Large shareholding disclosure requirements were tightened up following the livedoor and other scandals. Institutional investors previously reported changes in their listed company holdings of over 5% on a quarterly basis. Since 1 January 2007 they must report twice monthly or even more rapidly if they intend to exert “significant influence” over management.
In a series of steps merger control became more sophisticated, with the HHI test replacing the old simplistic market share tests. Some mergers which would have been prohibited before would now be allowed and vice versa. Some eyebrows were raised when Japan’s biggest noodle-maker Nissin acted as white knight to the fourth biggest, Myojo Foods, in order to save it from a hostile takeover bid, despite the combined group now having over 50% of Japan’s instant noodle market.
We make the following predictions:
The Japanese economy will continue to strengthen, with the proviso that there is a significant risk that the government will increase consumption tax after the 2007 elections (the last time they did this it killed the nascent 1997 recovery).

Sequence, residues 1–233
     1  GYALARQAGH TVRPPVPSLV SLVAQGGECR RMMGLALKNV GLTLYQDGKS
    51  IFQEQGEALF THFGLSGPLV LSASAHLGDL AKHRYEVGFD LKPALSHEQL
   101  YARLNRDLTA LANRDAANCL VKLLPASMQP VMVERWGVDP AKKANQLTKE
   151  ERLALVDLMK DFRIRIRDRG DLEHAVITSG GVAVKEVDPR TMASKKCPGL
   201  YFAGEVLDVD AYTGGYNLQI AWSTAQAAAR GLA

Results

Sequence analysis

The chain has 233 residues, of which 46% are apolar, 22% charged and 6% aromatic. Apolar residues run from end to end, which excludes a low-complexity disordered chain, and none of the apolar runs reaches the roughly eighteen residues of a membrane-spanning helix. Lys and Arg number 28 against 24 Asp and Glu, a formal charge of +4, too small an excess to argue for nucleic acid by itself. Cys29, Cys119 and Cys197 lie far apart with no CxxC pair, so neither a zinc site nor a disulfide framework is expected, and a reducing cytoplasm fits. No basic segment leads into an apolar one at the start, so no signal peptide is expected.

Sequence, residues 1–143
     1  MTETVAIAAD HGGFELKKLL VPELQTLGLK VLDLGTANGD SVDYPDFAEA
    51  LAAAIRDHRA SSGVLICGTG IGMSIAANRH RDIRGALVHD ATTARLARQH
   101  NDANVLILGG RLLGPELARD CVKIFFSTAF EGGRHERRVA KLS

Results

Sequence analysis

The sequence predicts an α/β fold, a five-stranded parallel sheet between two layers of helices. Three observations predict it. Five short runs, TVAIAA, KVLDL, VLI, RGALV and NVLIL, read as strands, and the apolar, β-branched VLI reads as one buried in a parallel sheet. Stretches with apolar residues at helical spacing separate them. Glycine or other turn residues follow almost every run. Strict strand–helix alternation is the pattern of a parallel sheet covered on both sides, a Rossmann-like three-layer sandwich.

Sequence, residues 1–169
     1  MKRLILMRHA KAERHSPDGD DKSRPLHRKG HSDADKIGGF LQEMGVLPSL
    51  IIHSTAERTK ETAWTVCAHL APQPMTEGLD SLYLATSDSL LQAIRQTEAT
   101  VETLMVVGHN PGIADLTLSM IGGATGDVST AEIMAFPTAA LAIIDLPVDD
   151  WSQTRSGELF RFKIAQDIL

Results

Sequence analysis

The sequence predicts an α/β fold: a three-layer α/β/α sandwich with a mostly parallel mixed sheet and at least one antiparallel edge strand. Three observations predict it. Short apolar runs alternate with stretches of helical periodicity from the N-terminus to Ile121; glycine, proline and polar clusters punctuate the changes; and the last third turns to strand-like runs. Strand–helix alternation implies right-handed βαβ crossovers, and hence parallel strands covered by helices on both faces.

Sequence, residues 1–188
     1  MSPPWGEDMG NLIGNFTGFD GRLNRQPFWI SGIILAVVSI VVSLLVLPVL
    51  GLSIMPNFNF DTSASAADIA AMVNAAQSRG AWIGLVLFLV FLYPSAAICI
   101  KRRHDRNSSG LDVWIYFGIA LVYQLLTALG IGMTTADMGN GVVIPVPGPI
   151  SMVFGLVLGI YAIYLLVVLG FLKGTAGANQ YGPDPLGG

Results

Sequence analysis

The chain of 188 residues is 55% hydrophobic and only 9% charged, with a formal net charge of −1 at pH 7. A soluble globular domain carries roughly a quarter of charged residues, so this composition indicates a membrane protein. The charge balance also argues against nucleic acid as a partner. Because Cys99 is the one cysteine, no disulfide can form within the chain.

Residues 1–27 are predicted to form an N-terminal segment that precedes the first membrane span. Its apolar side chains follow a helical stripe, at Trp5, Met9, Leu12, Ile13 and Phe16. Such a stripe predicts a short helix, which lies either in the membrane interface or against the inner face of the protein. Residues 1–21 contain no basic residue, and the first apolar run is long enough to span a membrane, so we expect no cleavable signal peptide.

M&A will increase, especially take-privates and other MBOs.
TOB (tender offer bid) premiums, which have been historically low or even negative, will increase.
Foreign triangular mergers are permitted for the first time in May 2007, but this will not by itself unleash a wave of new M&A because the principle “cash is king” will continue to apply for cross-border deals.
Japanese companies will increasingly invest in other countries, giving opportunities to private equity funds to partner with them as they move into unfamiliar territory.
There will be a few more hostile takeover attempts, many more AWSs (poison pills) installed and, we hope, some judicial clarification of whether AWSs are effective.
Shareholder activism will increase, emboldened by a recent proxy fight by Ichigo against a proposed steel company merger at minimum premium, which was reportedly the first time in Japan that shareholders vetoed a merger approved by the companies’ boards.